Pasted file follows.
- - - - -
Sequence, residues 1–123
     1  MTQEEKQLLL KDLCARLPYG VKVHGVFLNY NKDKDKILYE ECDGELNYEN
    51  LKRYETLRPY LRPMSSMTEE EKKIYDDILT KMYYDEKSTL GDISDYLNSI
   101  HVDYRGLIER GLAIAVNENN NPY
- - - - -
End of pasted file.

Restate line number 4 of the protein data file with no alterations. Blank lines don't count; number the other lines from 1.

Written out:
   101  HVDYRGLIER GLAIAVNENN NPY